With much music-making taking place in the Mendelssohn household, young Felix was exposed to a broad diversity of styles, composers, and instruments. Although he was clearly a pianist at heart, his brother Paul somewhat grudgingly played the piano. This was to be Felix's first introduction to the instrument and was sufficient to spawn some much beloved compositions. The first of these was the Op. 17 Variations concertantes and later the Op. 45 B flat major Sonata. By 1841, Mendelssohn began composing for the cello again, but this time not for his brother. The result was the brilliant, sunny D major Sonata, a work filled with Mendelssohn's trademark mercurial writing. Performing these works alongside some Piatti transcriptions of selected Songs Without Words is Lithuanian-born cellist David Geringas and pianist Ian Fountain. The disc opens with the D major Sonata, a curious choice as this piece seems to have the most energetic, uplifting ending and would seem better suited for the album's finale. Regardless of program order, Geringas and Fountain form a splendid duo that yields some dazzling, vigorous, detail-oriented playing. Balance between the two instruments is ideal and the two engage in a virtual game of cat and mouse racing about trying to catch each other through the brisk tempos. Geringas' playing is nicely in tune and his tone is focused and projecting. He easily changes gears to the more lyrical Songs Without Words and with a lush, beautifully connected legato sound.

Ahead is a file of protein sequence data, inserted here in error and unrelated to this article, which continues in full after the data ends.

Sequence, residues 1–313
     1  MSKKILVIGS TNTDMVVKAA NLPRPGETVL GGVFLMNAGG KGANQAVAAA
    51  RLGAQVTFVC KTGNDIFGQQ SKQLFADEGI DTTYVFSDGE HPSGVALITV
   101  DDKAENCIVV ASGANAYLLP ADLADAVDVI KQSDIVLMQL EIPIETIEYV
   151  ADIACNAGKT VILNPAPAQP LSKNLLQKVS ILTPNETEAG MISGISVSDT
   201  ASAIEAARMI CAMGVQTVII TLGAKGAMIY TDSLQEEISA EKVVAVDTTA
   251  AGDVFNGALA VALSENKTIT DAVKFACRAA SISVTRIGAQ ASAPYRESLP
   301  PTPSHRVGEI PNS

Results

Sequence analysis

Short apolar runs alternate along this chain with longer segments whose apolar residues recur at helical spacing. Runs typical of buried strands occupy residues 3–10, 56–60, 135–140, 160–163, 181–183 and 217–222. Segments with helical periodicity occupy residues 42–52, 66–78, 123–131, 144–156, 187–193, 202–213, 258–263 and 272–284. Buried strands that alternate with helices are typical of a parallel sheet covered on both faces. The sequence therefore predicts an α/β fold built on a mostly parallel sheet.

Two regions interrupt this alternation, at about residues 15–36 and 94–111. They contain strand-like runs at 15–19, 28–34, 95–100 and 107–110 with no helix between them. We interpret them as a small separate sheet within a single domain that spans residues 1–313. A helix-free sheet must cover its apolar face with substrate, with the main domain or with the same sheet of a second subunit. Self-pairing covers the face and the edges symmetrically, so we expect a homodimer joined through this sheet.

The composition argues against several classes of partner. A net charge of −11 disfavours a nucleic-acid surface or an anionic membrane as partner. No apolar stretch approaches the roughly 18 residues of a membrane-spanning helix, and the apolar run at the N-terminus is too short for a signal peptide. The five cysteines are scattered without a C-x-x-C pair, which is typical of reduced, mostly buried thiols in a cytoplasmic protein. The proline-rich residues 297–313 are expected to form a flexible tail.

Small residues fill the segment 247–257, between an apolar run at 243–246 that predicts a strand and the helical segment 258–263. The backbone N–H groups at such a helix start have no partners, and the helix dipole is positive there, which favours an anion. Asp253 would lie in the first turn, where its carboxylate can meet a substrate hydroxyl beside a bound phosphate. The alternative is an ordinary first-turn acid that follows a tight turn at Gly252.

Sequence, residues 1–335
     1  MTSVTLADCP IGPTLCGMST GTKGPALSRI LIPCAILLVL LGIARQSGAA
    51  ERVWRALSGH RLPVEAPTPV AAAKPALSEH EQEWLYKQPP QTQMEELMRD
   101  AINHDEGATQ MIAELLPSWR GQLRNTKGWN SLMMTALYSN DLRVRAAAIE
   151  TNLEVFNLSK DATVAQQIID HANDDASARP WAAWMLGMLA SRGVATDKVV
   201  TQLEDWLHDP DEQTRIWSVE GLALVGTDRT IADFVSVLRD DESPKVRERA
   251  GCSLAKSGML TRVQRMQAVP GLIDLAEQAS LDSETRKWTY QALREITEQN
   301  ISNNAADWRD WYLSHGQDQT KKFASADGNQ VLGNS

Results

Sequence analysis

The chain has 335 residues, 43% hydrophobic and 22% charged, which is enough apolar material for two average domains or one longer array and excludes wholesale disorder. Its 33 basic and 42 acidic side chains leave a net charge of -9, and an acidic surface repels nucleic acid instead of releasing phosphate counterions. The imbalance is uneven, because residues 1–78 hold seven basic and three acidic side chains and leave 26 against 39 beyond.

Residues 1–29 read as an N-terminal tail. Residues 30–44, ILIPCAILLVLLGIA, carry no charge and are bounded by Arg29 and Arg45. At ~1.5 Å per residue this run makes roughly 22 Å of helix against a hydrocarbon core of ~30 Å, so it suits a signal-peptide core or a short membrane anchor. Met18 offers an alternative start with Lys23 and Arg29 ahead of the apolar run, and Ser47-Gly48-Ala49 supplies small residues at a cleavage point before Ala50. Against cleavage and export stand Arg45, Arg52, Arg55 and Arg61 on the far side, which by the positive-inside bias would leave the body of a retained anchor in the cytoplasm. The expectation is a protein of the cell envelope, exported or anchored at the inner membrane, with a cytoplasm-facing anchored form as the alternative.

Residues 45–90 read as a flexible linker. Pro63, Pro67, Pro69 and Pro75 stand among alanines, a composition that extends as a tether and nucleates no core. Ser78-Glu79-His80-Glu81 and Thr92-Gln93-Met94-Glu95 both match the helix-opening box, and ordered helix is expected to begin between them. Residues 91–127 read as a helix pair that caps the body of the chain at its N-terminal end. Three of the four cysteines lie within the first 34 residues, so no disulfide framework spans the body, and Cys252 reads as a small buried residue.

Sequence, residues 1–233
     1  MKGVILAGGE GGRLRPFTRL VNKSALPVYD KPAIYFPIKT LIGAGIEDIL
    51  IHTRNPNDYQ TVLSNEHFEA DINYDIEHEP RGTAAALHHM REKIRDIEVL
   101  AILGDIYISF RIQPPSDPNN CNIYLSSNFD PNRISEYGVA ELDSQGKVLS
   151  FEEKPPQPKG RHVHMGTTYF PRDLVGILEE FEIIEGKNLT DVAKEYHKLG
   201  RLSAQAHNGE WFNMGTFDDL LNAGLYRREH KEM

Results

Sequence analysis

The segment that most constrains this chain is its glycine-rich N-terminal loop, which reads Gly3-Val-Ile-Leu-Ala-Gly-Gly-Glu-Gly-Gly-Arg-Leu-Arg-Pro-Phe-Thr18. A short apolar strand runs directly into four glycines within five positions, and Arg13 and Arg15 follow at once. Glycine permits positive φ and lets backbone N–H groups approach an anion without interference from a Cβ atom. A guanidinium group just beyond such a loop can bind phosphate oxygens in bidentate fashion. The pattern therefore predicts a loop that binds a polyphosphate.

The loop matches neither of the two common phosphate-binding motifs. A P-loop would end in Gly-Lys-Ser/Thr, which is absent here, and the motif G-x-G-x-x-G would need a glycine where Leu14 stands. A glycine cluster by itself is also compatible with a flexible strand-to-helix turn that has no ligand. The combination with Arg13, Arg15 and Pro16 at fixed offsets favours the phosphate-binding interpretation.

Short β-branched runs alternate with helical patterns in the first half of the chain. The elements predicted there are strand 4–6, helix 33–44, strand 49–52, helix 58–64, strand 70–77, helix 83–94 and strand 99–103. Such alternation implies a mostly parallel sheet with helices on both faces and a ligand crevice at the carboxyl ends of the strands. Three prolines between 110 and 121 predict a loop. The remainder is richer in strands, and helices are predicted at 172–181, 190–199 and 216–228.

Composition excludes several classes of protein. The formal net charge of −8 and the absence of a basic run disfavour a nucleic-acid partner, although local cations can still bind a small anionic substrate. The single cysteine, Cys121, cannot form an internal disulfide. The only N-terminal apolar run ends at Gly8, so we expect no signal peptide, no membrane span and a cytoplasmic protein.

Share this page
AllMusic Review by Mike D. Brownell
|Sonata No. 2 in D major, Op. 58|
|Sonata No. 1 in B flat major, Op. 45|